ISSN Online: 2177-1235 | ISSN Impresso: 1983-5175
Reconstructive options for anterior chest wall defects can be challenging especially when the defect is large and has been subject for preoperative radiotherapy. We report a case of a patient with a neglected large invasive ductal carcinoma of the breast who had received incomplete preoperative radiotherapy and chemotherapy. The pathology examination revealed an 11.5 cm invasive ductal carcinoma, grade III, with lymphovascular invasion and positive axillary lymph nodes (20/20). The post mastectomy large defect following wide skin excision measured 25 x 20 cm and it was immediately covered with a tensioned reverse abdominoplasty flap. To our knowledge, this is the first case reported of a wide skin excision mastectomy reconstructed solely with a reverse abdominoplasty advancement flap and progressive high-tension with quilting sutures demonstrating that, in the selected patients, abdominal skin can be safely and easily advanced superiorly to reach the upper chest area and cover an area of significant defect.
Abdominoplasty; Carcinoma ductal; Mastectomy; Thoracic wall; Surgical flaps.
As opções reconstrutivas para defeitos da parede anterior do tórax podem ser desafiadoras especialmente quando o defeito é extenso e sujeito a radioterapia pré-operatória. Apresenta-se caso de paciente com carcinoma ductal invasivo de mama não tratado que realizou radioterapia e quimioterapia incompleta no pré-operatória. O exame patológico revelou carcinoma ductal invasivo de 11,5 cm, grau III, com invasão linfovascular e linfonodos axilares positivos (20/20). Após a mastectomia, defeitos estendidos seguido de longa excisão de pele mediram 25 x 20 cm, sendo esses cobertos imediatamente com retalhos em abdominoplastia reversa tensionada. Trata-se do primeiro caso relatado de excisão larga de mastectomia reconstruída exclusivamente com retalhos avançados em abdominoplastia reversa e alta tensão progressiva de pontos de adesão demostrando que nos pacientes selecionados, a pele abdominal pode ser avançada superiormente com segurança e facilidade para atingir a área superior do tórax e cobrir a área com defeito significante.
Abdominoplasti; Carcinoma ductal; Mastectomia; Parede torácica; Retalhos cirúrgicos.
The current advances in screening modalities and improved awareness are enabling the diagnose of most breast cancers at early stages; subsequently, less aggressive ablative surgery such as partial mastectomy, skin preserving and nipple preserving mastectomy became the procedure of choice for most newly diagnosed breast cancer patient. Nevertheless, more radical ablation may be required in certain circumstances making reconstruction of the resultant defect a major reconstructive challenge. Various reconstructive options are available1.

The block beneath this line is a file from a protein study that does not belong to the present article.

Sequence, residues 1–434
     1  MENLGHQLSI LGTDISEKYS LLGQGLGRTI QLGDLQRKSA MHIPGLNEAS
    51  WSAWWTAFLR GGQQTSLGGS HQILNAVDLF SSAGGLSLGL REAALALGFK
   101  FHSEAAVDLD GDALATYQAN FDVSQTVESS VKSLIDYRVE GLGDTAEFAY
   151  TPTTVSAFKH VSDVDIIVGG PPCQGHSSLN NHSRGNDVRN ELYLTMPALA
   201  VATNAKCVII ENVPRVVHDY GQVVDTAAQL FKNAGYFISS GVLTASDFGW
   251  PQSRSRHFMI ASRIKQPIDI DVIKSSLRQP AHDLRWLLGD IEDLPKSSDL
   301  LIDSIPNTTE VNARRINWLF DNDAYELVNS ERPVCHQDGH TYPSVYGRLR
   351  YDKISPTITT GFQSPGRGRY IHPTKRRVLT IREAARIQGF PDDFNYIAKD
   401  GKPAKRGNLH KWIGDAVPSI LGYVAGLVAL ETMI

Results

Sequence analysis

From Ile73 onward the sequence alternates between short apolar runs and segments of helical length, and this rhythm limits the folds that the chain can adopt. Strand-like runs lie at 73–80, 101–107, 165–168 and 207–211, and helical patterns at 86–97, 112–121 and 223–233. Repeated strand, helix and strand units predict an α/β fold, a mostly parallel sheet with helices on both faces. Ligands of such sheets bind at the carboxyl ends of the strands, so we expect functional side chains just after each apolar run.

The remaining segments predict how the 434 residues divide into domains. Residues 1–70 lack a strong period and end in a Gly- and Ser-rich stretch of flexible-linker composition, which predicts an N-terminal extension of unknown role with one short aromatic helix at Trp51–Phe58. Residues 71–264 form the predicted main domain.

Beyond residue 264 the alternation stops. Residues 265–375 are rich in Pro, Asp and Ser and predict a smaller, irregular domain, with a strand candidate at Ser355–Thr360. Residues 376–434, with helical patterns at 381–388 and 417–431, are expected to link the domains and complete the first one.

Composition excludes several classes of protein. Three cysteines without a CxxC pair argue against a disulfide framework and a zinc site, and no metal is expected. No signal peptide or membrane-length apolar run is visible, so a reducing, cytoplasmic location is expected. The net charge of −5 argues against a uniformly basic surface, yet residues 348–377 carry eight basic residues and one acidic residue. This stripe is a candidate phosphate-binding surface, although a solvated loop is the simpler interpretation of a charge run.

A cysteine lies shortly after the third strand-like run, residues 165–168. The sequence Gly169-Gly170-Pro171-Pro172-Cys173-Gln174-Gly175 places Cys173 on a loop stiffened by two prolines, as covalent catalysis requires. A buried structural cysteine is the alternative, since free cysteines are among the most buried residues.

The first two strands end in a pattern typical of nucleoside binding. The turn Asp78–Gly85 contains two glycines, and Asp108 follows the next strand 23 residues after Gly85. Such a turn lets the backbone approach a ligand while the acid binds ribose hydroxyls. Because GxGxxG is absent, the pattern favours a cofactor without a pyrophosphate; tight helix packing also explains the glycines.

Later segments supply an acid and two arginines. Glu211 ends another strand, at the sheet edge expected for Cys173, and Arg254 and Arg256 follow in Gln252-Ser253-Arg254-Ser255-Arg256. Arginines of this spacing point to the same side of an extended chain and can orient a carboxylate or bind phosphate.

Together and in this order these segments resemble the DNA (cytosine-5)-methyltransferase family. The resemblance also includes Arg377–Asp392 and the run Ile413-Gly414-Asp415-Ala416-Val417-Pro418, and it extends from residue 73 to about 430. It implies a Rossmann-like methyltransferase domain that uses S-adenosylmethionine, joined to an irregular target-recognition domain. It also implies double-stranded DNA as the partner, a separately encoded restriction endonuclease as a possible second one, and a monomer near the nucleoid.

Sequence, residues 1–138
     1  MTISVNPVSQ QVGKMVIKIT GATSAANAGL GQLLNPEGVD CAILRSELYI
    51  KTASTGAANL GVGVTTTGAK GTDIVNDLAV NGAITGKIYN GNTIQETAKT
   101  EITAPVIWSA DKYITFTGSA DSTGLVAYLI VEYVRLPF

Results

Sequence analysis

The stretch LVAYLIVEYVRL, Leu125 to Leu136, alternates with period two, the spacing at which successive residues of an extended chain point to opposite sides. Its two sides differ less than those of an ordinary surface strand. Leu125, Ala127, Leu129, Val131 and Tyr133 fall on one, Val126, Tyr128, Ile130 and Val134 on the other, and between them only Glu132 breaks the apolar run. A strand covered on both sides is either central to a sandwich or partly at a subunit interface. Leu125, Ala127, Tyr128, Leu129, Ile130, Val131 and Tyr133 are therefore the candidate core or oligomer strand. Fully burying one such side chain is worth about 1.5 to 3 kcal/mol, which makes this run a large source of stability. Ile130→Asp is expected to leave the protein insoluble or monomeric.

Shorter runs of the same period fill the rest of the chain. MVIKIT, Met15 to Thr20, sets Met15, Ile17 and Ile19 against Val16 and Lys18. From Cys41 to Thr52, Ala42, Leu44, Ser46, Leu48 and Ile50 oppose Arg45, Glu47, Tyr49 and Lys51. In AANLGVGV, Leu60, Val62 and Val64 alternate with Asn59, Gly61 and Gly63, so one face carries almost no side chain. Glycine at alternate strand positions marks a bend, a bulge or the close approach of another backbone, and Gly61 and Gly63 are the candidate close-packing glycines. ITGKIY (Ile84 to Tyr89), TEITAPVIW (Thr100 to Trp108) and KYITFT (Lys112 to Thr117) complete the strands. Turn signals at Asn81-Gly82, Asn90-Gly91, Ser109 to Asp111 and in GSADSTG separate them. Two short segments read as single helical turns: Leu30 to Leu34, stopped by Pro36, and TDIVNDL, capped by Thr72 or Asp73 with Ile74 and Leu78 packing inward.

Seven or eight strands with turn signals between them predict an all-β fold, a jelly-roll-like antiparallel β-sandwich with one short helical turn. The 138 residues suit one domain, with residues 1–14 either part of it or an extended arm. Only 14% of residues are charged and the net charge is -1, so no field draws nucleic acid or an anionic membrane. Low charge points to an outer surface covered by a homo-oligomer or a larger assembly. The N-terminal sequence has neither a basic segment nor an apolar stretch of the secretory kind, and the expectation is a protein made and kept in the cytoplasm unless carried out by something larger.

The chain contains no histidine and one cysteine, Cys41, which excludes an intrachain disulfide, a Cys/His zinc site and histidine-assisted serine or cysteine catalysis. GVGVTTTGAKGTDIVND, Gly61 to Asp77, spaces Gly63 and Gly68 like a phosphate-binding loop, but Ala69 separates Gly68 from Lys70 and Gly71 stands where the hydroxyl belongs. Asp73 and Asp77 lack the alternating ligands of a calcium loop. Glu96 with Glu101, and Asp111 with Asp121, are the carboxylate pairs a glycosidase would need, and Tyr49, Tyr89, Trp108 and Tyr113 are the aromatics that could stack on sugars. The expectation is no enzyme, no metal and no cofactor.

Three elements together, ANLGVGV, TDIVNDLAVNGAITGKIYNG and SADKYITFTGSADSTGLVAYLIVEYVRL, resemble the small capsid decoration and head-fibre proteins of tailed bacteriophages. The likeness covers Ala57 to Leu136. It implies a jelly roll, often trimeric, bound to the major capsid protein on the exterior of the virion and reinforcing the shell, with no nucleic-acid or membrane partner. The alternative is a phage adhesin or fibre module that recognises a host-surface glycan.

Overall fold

Although the majority of such defects could be repaired with the use of skin grafts or local and regional pedicled musculocutaneous flaps, more complicated cases require free flaps or increasingly sophisticated reconstructive techniques2. Classification systems have been proposed to help the systematic approach for reconstruction. Careful planning is necessary when considering optimal options, however, the exact choice remains specific for each patient depending on defect size, chest wall location, flap arch of rotation, and availability of recipient vessels for autologous microvascular composite tissue transfer1-4.
We present the case of a neglected large invasive ductal breast carcinoma. Following the mastectomy with wide skin excision, the defect was covered with a tensioned reverse abdominoplasty flap.
This was a 64 year-old diabetic woman with BMI of 28 and past surgical history of 4 cesarean sections through a midline infraumbilical incision. She presented a massive left breast invasive ductal carcinoma originally diagnosed 4 years earlier. The patient has previously refused the surgery and was noncompliant with chemotherapy. Three months prior to her current presentation, the patient received 12 Gy of radiotherapy over 6 sessions. Subsequently, she developed painful rapid left breast edema and erythema. After ruling out an infectious process, the patient consented to undergo surgery.
Upon physical examination, she had a massively enlarged left breast mass measuring 10x10 cm in the lateral quadrants associated with peau d'orange and tense irradiated skin (Figures 1A and 1B). Besides a low hematocrit of 29, all of her other blood tests were within normal limits. She underwent a palliative left total mastectomy with ipsilateral axillary lymph nodes dissection. During the ablative surgery, the subcutaneous veins were found to be severely enlarged and engorged, therefore, resulting in heavy bleeding that was controlled by the application of heavy hemostatic sutures along the entire surgical incision (Figure 1C) and intra-operative transfusion with 2 units of whole blood. Gross axillary lymph node involvement was also noted extending to the brachial vessels and plexus. The resultant chest wall defect measured 25 x 20 cm (Figure 1D).
Figure 1. A, B
- Neglected left breast tumor following 6 sessions of radiotherapy with preoperative planning for TRAM flap reconstruction. Midline infra-umbilical C-section scar indicated by an arrow. C, D
- Left mastectomy and axillary node dissection with resultant large defect.
In view of the difficulties experienced by the general surgeon to control heavy bleeding and the palliative nature of the surgery with evidence of grossly residual tumor involvement of the axilla, it was necessary to minimize surgical trauma and limit surgical time. It was hence decided to abort the original preoperative plan to undergo TRAM flap with or without Latissimus dorsii flap and proceed to the reconstruction with a reverse abdominal flap.
An undermining of the left upper abdominal quadrant was performed extending to the level of the umbilicus and advanced superiorly to cover the defect with progressive tension 2-0 vicryl quilting sutures anchoring the flap to the lower costal margin and minimizing the dead space to insure closure of the wound under no tension. Two suction drains were inserted and exteriorized at the axilla (Figure 2A and 2B).
Figure 2. A
- Undermining of the abdominal flap indicated by arrow limited to the left upper quadrant allowing mobilization of enough soft tissues to achieve primary closure of the defect. Costal margin highlighted by white dashed line. B
- Abdominal flap advanced superiorly with tension quilting sutures. C, D
- Immediate post-operative result demonstrating abdominal flap fixation to the costal margin indicated by single arrow and double arrow indicating additional quilting sutures to minimize dead space. Note superior skin recruitment allowing wound closure without tension.